Central banks have been focusing on fine-tuning monetary policy to meet their 2 per cent inflation targets, and they appear to have been successful in lowering and anchoring inflation expectations: firms and households are used to modest annual price and wage increases. Looking ahead, however, the independence of the world’s largest central banks faces an almighty challenge.

This is perhaps most apparent in the US. The current US administration has firm ambitions to ‘make America great again’ and has put in train a major fiscal stimulus encompassing significant tax reform. An infrastructure spending spree is next on president Donald Trump’s wish list, which at face value would push GDP growth this year and next towards 3 per cent.

This is the ‘right’ rate of growth according to many in the administration – a point emphasised by Senate Republican leader Mitch McConnell after the tax debate, when he said: ‘We’ve had two quarters in a row of 3 per cent growth. Coupled with this tax reform, America is ready to start performing as it should.’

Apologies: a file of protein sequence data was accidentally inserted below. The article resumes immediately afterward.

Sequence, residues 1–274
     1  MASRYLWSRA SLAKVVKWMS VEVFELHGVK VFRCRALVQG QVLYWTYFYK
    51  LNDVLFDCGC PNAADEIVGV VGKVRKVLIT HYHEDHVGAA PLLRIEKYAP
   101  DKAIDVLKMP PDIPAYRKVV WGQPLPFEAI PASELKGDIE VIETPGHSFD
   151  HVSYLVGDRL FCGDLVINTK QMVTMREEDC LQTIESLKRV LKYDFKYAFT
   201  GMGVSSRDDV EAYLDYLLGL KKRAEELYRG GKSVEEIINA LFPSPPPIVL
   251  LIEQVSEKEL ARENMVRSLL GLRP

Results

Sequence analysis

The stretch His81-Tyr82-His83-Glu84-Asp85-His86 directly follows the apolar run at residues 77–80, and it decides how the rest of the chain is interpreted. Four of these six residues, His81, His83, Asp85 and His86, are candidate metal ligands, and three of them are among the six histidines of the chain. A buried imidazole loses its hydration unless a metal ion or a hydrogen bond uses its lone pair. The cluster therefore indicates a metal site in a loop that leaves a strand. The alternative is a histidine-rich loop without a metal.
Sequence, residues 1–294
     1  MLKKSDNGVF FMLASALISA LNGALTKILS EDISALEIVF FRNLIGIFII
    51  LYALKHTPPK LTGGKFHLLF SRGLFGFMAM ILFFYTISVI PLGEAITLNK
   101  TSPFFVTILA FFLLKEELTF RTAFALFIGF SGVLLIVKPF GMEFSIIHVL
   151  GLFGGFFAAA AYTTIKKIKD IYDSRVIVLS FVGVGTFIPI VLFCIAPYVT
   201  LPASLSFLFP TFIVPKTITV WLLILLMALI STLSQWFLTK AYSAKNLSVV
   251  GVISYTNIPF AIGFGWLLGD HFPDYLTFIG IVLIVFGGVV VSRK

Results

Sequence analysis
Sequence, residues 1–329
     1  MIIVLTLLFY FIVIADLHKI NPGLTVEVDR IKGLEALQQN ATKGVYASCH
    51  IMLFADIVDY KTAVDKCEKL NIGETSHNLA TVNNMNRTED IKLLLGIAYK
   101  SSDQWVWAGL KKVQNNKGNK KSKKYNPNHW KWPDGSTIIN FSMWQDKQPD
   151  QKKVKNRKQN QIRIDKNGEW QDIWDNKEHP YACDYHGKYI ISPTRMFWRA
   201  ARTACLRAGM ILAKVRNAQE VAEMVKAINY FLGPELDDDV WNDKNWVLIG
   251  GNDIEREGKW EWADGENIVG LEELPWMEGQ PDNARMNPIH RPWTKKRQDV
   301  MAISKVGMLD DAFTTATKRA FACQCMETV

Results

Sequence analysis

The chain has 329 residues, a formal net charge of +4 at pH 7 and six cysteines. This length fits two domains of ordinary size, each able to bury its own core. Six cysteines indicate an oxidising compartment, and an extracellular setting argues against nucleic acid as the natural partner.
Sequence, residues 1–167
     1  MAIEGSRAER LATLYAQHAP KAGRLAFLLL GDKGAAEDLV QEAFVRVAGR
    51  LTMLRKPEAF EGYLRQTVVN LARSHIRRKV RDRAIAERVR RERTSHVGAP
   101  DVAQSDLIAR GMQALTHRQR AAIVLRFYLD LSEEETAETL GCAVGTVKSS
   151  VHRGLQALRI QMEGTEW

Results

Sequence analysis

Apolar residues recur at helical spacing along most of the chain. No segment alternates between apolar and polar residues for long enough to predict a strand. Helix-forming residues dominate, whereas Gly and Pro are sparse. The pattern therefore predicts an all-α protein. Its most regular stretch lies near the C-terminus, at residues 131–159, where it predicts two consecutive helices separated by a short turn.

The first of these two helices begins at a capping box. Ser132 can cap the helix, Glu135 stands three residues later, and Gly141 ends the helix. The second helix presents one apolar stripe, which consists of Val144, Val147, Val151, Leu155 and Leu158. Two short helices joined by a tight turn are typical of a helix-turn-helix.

But can the US economy sustain 3 per cent growth? The US has near full employment and the trend rate of growth in its workforce is roughly 0.5 per cent, so workers will have to become more productive. Some rise in productivity is likely, but it’s not clear that it can comfortably grow at a rate as high as 3 per cent. If growth is closer to 2 per cent, inflationary pressures will build. This will certainly worry the Fed, which is charged with keeping inflationary pressures in check.

Delicate balancing act

The new chairman of the Fed, Jerome Powell, has overseen his first meeting of the board of governors, and has provided an updated set of projections for the US economy and monetary policy against a backdrop of looser fiscal policy.